Charl van der Walt
We've done a lot of penetration testing over the years. Each test has its own scope, objectives and constraints. Each test is performed by a specific hacker, who has unique methods, strengths and weaknesses. Every test is different.
But with enough tests, performed over enough time, there is a goldmine of data on patterns and trends we can use to develop a better understanding of what we’re doing, what we’re reporting, and how our customers are responding.
As reports are a boutique product – hand-written by the tester and customized to meet the customer’s specific requirement - they do not lend themselves readily to quantitative analysis. For the purpose of this study, therefore, we have developed a basic Machine Learning capability that is able to ‘read’ these human-readable reports, quantify specific elements (like Findings and their assigned Severity) and even extract key entities, like CVE numbers, technologies involved, etc.
We collected, anonymized and enriched over 1,400 Penetration Test reports dating back to January 2018.
The ‘Findings’ of a Penetration Test report are obviously only a small element of the overall output, but they contain elements similar datapoints to the Findings of a vulnerability scan and can be analysed in a similar way, and even compared to some extent.
In this presentation we tell the story of how we analyzed the data from thousands of penetration testing reports dating back more than four years. We describe the challenges we faced in data collection, the tools we developed to help us, the questions we asked once we had the data and the patterns that emerged once we had an analysis capability in hand.
We also share similar insights gleaned from a massive database of automated vulnerability scans and even from other perspectives, including security intelligence and incident detection and response.
None of these datasets is perfect, but they do hold valuable intelligence. Viewed together, they provide some invaluable insights. In this talk we will look at the data from penetration testing and other diverse services separately and, where sensible, together.
Join us in this session for a fascinating journey of exploration and discovery. Learn from our successes and our failures and help us think about the fresh questions and challenges that emerge when we try to extract useful intelligence from the work that we do.
Why kidz couldn’t care less about your password advice?
Mia has won several prices for her work in helping thousands of victims of online image abuse, hacking and fraud, winning "The Girl Award" (Plan International) in 2018 and "Influencer of the year". She has also been a finalist in "Bravest woman of the year" and "Årets Trønder" /"Trønder of the year". She has also been a top 3 finalist (2021) in the international award “Cyber security woman of the year”. The jury of The Girl Award said the following; - The winner of the Girl Award 2018 is an institution in itself. Mia Landsem shows the way by being energetic and extremely brave. Superman and Batman are nowhere near, this year's winner is among the roughest in its time. This is a winner we all want to be like. This is a winner we had all run to for help, says jury leader Navjot Sandhu.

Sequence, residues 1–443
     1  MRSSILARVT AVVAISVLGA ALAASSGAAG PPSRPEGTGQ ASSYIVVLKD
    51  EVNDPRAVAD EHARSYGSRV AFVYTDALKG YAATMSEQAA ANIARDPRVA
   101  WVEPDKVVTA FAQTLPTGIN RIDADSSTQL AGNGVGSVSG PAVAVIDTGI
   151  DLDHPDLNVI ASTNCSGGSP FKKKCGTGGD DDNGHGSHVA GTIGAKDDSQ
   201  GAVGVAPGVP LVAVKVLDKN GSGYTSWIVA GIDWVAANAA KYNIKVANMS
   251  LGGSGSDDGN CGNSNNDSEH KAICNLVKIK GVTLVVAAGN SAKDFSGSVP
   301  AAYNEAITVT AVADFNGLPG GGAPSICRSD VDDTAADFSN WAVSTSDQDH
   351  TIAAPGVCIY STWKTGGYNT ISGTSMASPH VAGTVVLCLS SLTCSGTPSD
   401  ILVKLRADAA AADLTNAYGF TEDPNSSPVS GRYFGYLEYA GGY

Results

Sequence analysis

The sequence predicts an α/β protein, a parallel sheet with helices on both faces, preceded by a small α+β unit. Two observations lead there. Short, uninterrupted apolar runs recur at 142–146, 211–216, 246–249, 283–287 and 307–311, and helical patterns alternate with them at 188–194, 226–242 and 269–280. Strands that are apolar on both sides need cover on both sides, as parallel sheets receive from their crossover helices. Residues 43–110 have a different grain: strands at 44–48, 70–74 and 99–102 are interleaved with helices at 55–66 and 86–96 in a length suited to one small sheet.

For kids & teens to use social media and play games, they often have to authenticate using a password. They face the same cyber security threats as the grownups, from a younger age. Their parents are often their first role models when it comes to knowing about these threats and to protect themselves. Parents and children report that they talk together about online safety. That is great news, but when did we ever listen to our parents? Did we use our dogs name as our password? Did we share our password and pin code with our best friend? Did we drink that damned tequila shot when we were told we would get sick? Yes we did.
Mia Landsem will talk about the issues that these young children face. Being hacked on their favorite game, their best friend who logged into their Instagram account and started to write nasty stuff to other children, the nude photos that were saved on their snapchat that suddenly ended up in a hackers hand and they receive a message that if they do not send more photos, they will post the nude photos on their story to all their friends. Mia will talk about HOW we should educate the young ones, and how to make them care about security, passwords and password managers. Why kidz couldn’t care less about your password advice? Come find out!
Stories of Money - Crypto, hacks, ransom, DeFi and attacks
Marco Preuss (Kaspersky)
Especially over the past few years, many successful attacks related to crypto and DeFi were reported.
In this talk, several of the most notable incidents are discussed and explained.
Meet the latest innovations and startups in cybersecurity
Trust Valley Startups
PART 1: Meet the latest innovations and startups in cybersecurity (40 min)
6 startups (5 min each)
1. Custocy, Sébastien Sivignon (CEO)
2. Cognitechs, Gilles Rosset (CEO)
3. Clearsky, Stefano Zamuner (CTO)
4. Authena, Dejan Milenovic (CTO)
5. Altkimya, Philippe Huguet (CEO)
6. Anozr Way, Arnaud Gardin (CEO)
PART 2 (PANEL): How to become a cyber entrepreneur? Moving from employee to founder? (20 min)
- Saporo, Philippe Eyries
- Strong Networks, Laurent Balmelli
- Duokey, Seyfallah Tagrerout
Moderator: Lennig Pedron